Two years and over 600 items later, the finding aid for the Colonel George G. Green collection at PMH is finished! The finding aid is the result of physically organizing the collection and creating a document with detailed descriptions and locations for every item. Future researchers from near and far will be able to study the contents of this historic collection using the nineteen-page finding aid.
Researchers will find the expected documents and photographs of one of the richest men to ever spend winters in early Pasadena- items relating to Pasadena’s original Green Hotel and Castle Green- like financial reports, correspondence, menus, floorplans and room diagrams. From Green’s home in Woodbury, New Jersey, researchers will find documents and published articles about Green and the manufacturing of August Flower and Boschee’s German Syrup. These were the elixirs that provided the funds for Green’s investments in Pasadena.
The Colonel was a collector in his own time- leaving a scrapbook of newspaper clippings that offers a glimpse into many aspects of his life including parties at the Hotel Green and the talents and activities of his children – Harry, Lottie, Edythe, George, Jr., and Altadena. The oldest item in the collection could very well be the medical receipt/recipe book written by Col. Green. Over 450 photographs include Hotel Green, Castle Green and nearby parks, the Green residence in Altadena and even an early circus parade on the streets of Pasadena. Family photos include members of Green’s wife’s family- the Browns of Athens, Ohio.
Advertisements and publications of Hotel Green and the Green Laboratory are varied and as colorful as the day they were printed. The postcard collection is extensive.
Several items reveal the variety and depth of this collection. From the mundane to the scandalous, researchers will find much to study in this collection.
Earliest Photos of Col. Green
An early photo of George G. Green taken by E. F. Warrington, Vice President of the Ferrotypers Association of Philadelphia, was taken between 1868 and 1870. Warrington’s business listing appears in Philadelphia directories 1868-1870. According to “The Philadelphia Photographer”, Warrington was a promising young photographer when he died in April 22, 1870.
George G. Green’s Recipe Book
On the cover of this fragile ten-page book of handwritten remedies is the faint penciled name of Geo. G. Green of Clarksboro, N.J. – Green’s birthplace. The contents vary from remedies for burns and lock jaw to recipes for cough medicine and cholera drops. Green left no written date in the book but the name of the publisher on the back cover – L. Johnson– provides a link to that company’s history dating before 1867 when the company was sold. This booklet may have been created prior to Green leaving medical school in 1863 as it resembles notes and scribbles possibly made in a classroom setting.
A related item in the collection is the book of “Dyspeptic Receipts” belonging to Green’s father Lewis M. Green. The “receipts” were the recipes for the medicinal products manufactured first by Lewis and later his son George. An 1868 indenture between Boschee and Lewis Green confirms the origin of Green’s product called Boschee’s German Syrup.
The Solution to the Mystery of the Demise of Col. Green’s Private Train Car
Col. Green’s private train car (called The G.G.G.) manufactured by the Pullman Company was his pride and joy. Every year before he left Woodbury, N.J. to come to Pasadena, he would open the car for the public to tour. He had a special railroad siding where the car sat near his home in Altadena. As time passed, the train was no longer safe to use and sat idle on a railroad siding in Woodbury, New Jersey. One San Diego newspaper reported in 1916 that Col. Green had no interest in selling it even though his family encouraged him to do so. The final fate of the train car had been lost until a note found in this collection revealed the answer.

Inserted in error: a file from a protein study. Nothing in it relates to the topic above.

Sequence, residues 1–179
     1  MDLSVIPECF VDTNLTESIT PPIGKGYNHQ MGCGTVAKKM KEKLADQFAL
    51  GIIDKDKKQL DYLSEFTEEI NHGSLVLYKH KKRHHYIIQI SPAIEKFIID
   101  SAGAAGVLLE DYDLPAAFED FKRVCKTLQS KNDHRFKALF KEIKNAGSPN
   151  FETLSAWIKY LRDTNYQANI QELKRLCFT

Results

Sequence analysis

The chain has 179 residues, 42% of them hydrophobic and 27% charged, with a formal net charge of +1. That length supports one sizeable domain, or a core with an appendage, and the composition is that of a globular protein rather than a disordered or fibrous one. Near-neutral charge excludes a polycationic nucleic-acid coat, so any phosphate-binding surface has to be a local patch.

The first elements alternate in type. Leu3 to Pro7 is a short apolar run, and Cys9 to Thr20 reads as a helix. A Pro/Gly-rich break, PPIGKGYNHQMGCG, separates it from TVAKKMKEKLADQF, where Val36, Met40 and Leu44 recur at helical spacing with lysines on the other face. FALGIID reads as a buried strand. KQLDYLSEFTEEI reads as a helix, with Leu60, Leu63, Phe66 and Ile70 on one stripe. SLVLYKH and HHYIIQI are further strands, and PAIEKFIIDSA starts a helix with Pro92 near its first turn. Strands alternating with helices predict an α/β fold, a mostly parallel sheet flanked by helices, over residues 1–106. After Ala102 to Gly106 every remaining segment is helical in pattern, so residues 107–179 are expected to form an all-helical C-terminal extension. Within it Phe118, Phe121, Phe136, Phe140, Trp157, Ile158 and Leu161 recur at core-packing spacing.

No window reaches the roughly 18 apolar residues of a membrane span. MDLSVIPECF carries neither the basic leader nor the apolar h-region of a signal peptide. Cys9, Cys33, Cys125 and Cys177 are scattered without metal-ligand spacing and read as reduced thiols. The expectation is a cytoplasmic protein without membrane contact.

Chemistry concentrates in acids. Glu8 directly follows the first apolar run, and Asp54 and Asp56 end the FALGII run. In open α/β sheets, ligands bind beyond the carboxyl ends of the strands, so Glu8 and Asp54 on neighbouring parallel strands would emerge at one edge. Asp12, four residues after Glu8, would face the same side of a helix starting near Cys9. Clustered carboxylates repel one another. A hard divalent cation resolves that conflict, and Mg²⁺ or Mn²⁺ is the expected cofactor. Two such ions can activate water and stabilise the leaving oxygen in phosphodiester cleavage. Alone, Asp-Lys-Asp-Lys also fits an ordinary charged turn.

The Music of Col. Green’s Daughters
Green’s scrapbook of newspaper clippings reveals the talents of Col. Green’s daughters Lottie and Edythe. A Pasadena newspaper reported the “Miss Lota [sic] Green, the charming daughter of Col. G. G. Green of Altadena, favored the guests at Hotel Green this morning with several beautiful vocal selections.” Edith Green was known for playing a harp that took first prize at the World’s Fair. “Miss Edith Green has a very beautiful and expensive harp, and she plays this difficult instrument with great skill.”
A Hidden Curiosity in the Collection
Oftentimes, items found in collections don’t seem to belong in the collection. Such is the case of a photograph of Blanche Galton Whiffen. The English born American actress was hailed as the Grand Old Lady of the Theater. She played Buttercup in the first American performance of Gilbert & Sullivan’s H.M.S. Pinafore in 1878.
Research revealed how this photograph relates to this collection. Blanche was a great aunt of Agnes Kelleher, the wife of George G. Green, Jr. Blanche traveled with her sister Susan Galton Kelleher, Agnes’ mother. Susan’s travel journal is also found in this collection. It records visits that Susan and Agnes made to Europe, New York, Pasadena, San Francisco and Chicago. Various Southern California sites including the Ostrich Farm and Busch Gardens are also mentioned. Blanche’s autobiography (not in this collection) titled “Keeping Off the Shelf” is a lively history of the musical Galton family (her sister Louisa sang for Queen Victoria at Buckingham Palace) and stories of her years acting in more than 40 Broadway plays.
To Interested Researchers
The George G. Green collection is housed in seven archival boxes and the finding aid is now available for researchers in the archives of Pasadena Museum of History. A binder of photocopies of all the photographs in this collection and a family genealogy have also been prepared.
– Susan Beeler Anderson